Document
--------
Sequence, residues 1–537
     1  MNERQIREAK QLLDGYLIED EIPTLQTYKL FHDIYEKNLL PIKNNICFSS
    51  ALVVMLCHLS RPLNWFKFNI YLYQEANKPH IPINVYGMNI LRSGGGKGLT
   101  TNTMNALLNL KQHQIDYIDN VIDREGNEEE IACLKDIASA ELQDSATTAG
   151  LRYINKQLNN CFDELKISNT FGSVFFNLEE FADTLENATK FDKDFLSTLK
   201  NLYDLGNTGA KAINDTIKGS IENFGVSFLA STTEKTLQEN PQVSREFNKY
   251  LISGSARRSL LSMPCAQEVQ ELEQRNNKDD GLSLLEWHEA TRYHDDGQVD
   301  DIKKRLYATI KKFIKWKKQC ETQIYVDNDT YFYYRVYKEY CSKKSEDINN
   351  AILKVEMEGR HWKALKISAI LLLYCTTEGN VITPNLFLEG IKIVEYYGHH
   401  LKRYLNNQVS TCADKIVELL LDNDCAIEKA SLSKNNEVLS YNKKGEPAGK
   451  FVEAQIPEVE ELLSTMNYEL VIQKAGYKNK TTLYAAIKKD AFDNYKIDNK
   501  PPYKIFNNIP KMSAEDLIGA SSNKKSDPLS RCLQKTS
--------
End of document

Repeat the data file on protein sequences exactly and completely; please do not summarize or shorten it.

Sequence, residues 1–537
     1  MNERQIREAK QLLDGYLIED EIPTLQTYKL FHDIYEKNLL PIKNNICFSS
    51  ALVVMLCHLS RPLNWFKFNI YLYQEANKPH IPINVYGMNI LRSGGGKGLT
   101  TNTMNALLNL KQHQIDYIDN VIDREGNEEE IACLKDIASA ELQDSATTAG
   151  LRYINKQLNN CFDELKISNT FGSVFFNLEE FADTLENATK FDKDFLSTLK
   201  NLYDLGNTGA KAINDTIKGS IENFGVSFLA STTEKTLQEN PQVSREFNKY
   251  LISGSARRSL LSMPCAQEVQ ELEQRNNKDD GLSLLEWHEA TRYHDDGQVD
   301  DIKKRLYATI KKFIKWKKQC ETQIYVDNDT YFYYRVYKEY CSKKSEDINN
   351  AILKVEMEGR HWKALKISAI LLLYCTTEGN VITPNLFLEG IKIVEYYGHH
   401  LKRYLNNQVS TCADKIVELL LDNDCAIEKA SLSKNNEVLS YNKKGEPAGK
   451  FVEAQIPEVE ELLSTMNYEL VIQKAGYKNK TTLYAAIKKD AFDNYKIDNK
   501  PPYKIFNNIP KMSAEDLIGA SSNKKSDPLS RCLQKTS